Friday, October 26, 2012

Beautiful Butternut

After fighting the horrid squash bugs and elusive deer, my Argonaut Butternut squash plants were able to produce only two fruits.  But they were huge!  The plants themselves would start dying, only to show vigorous growth effort farther down the vine.  Before our early first frost there were several female flowers trying to be fruitful.  Those pesky deer munched all but one, and now I can't find it.  But, c'est la vie.

Missing squash
Tenacious plants
More flowers

Well, after that first surprise frost I realized I left the butternut squashes on the porch.  Fearing they might have been damaged by the frost, I brought them inside and cooked 'em up to freeze for making soup and bread.  Below is my photo journal of the process.

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I cut the squash in half so that they will lie as level as possible.  I also cu off the top of the squash where the stem was.  The seeds and "guts" are much like a pumpkin, but with a tad less of the slime factor.  

In the picture you'll notice the tree-like cuts I made in the pulp.  Doing this allows the squash to cook more evenly.  It also allows for the seasoning I put in the "bowl" to spread through the stem as the pulp softens.

To give you an idea of how big these squash were, the cookie sheets I cooked them on are about 15 inches long.  

In the "bowl" of the squash I put butter, vanilla, brown sugar, cinnamon, nutmeg, and cloves.  The kicker is that I don't measure any of these.  I do it by sight guestimation depending on the size and depth of the bowl.  Once everything is a simmery, aromatic pool of sweetness I like it to fill the bowl about one-third to half-way full.  

I slide them into the gaping maw of my 350 degree oven and forget about them.  About forty-five minutes to an hour later the sugary bouquet of and Autumnal kitchen will remind me of my squash.  (I like to cook them until I can use a regular table spoon to scrape the meat from the skin.)

Scoop out the meat, plop it in the food processor (or a blender if you lack Ninja capabilities), and puree it until it's a sweet, sticky blob of creamed winter squash that needs many more ingredients until it can be given the title of yummy.  The two I harvested from my garden yielded what you see here.  I do believe this is a 4-quart mixing bowl.

First loaf of butternut squash bread
I immediately attempted my first altered pumpkin bread recipe.  Altered, because the squash was cooked with partial portions of many of the ingredients required.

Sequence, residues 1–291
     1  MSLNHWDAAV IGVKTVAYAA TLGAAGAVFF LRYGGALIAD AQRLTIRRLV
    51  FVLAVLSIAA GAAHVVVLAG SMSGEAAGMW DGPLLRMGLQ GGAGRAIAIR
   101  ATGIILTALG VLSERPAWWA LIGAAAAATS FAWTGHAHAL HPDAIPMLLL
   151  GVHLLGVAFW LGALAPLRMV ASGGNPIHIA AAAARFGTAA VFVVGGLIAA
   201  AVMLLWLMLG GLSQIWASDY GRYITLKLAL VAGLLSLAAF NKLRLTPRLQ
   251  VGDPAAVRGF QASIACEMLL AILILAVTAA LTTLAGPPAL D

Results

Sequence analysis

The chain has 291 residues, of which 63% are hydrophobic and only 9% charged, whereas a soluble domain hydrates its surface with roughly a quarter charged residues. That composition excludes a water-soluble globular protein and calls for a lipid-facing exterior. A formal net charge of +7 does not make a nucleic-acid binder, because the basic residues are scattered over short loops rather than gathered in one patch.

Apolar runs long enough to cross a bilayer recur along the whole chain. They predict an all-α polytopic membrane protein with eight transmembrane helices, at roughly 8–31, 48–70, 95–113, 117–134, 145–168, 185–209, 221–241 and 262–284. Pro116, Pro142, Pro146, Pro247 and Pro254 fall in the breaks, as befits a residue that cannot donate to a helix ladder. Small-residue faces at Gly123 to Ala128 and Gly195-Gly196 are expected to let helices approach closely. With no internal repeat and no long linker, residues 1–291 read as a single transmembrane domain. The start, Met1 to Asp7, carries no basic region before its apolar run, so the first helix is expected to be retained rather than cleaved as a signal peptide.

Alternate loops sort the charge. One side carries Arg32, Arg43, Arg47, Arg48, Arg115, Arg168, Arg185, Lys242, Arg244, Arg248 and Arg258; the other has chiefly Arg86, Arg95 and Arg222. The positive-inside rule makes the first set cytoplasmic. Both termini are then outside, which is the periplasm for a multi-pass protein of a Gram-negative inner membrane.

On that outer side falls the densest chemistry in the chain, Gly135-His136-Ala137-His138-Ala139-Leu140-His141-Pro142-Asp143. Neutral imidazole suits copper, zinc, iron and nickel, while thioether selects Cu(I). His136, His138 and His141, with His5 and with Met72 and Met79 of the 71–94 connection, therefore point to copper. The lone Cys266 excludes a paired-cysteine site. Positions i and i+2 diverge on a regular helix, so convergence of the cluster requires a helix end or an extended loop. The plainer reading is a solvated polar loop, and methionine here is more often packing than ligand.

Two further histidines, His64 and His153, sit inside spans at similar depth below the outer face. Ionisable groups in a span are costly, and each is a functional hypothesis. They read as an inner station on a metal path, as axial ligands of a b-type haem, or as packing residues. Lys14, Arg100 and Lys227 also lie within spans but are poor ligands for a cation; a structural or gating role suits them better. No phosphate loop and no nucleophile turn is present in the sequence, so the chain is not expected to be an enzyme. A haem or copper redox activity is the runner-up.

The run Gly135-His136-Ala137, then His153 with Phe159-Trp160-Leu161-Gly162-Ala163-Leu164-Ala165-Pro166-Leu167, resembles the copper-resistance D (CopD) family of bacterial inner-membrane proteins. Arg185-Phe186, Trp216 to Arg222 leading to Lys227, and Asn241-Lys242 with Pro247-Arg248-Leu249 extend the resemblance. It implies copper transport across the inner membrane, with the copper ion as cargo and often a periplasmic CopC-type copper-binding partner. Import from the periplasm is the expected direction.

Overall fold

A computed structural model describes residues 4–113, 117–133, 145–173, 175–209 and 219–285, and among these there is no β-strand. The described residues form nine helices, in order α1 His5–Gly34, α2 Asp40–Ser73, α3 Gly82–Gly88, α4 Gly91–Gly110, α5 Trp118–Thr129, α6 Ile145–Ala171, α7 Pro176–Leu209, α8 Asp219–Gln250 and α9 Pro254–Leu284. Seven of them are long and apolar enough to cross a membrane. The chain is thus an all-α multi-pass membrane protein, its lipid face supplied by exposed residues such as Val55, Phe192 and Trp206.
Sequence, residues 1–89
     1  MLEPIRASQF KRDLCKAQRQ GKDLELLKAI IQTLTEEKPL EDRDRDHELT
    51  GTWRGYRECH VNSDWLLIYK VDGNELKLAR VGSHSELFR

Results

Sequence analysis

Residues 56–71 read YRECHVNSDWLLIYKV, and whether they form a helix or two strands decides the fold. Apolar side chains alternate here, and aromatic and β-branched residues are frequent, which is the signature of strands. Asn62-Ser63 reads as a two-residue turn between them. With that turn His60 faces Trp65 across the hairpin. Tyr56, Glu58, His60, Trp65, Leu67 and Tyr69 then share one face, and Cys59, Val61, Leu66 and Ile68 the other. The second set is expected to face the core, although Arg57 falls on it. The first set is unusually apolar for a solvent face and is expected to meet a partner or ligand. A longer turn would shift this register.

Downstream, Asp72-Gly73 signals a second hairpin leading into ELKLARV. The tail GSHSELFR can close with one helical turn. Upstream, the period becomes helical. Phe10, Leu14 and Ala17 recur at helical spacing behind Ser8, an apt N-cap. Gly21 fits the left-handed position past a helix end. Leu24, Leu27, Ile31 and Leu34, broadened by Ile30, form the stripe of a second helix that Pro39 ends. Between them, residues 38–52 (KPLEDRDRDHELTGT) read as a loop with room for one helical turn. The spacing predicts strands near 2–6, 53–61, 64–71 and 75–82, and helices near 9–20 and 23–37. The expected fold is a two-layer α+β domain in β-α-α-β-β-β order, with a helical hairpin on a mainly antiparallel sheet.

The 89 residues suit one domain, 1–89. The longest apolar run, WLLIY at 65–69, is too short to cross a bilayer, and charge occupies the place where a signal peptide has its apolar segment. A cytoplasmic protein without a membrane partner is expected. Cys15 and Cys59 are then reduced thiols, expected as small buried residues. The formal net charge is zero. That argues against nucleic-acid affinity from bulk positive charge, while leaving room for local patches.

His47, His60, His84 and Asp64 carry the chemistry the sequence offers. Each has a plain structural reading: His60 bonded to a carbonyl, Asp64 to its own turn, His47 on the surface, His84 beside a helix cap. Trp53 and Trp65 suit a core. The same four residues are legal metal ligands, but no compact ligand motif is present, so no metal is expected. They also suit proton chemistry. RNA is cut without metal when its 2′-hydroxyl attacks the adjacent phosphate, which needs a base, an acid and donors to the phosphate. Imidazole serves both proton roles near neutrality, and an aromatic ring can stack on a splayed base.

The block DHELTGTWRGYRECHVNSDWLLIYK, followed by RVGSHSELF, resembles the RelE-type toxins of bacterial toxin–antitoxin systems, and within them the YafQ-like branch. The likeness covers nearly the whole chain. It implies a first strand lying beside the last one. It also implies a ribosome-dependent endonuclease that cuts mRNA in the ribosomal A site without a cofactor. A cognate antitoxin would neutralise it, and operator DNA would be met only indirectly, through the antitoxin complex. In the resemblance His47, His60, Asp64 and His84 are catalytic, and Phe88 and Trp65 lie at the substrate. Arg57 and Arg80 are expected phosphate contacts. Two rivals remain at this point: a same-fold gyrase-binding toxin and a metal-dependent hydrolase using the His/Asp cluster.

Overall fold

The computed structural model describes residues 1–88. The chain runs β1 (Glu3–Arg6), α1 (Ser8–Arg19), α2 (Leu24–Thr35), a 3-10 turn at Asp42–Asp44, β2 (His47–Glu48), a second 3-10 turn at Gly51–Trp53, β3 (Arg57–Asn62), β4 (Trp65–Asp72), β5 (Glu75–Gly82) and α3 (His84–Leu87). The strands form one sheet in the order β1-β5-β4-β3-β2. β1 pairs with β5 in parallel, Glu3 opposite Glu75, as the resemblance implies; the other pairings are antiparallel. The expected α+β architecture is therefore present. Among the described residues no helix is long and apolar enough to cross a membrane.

The first batch, eh, not so good.  The second, with more brown sugar and cinnamon than the first, plus raisins. . . delicious!  And a big hit at my Pampered Chef party, too. 

(Little tip, lightly coat your raisins in flour to keep the suspended in the batter so they don't sink to the bottom of your loaf.)

I also make soup every year for Thanksgiving.  I use the creamed, seasoned squash combined with chicken broth, and canned milk.  Another quirk besides my aversion to measuring, sometimes I use evaporated milk, and sometimes I use condensed milk.  Condensed milk is much sweeter and thicker, and seems to make the soup more preferable to my family.  For that super extra yumminess drizzle the ever-expensive white truffle oil over the bowl before serving.  A little trick I learned in Chattanooga.  (Use the evaporated milk if you go this route.) 

For the seeds, I washed them in a colander and laid them out on a paper towel-covered cookie sheet to dry.  I plan to use them to bro my squash next season, and I have enough--as you can see--to share with my friends.

As for storage of the remaining squash goo, I put it in two-cup portions into FoodSaver bags.  I was pretty happy that they all came out the same size since I made them from a roll.  

Butternut squash is a great substitute for pumpkin, as are most winter squashes.  It has more flavor, and can be used to make a more eclectic collection of recipes.  (Did you know that canned "pumpkin" is nothing of the sort?  It's winter squash.  Libby's actually uses a variety that they created and have patented.)

So go a little butter-nutty this Autumn!

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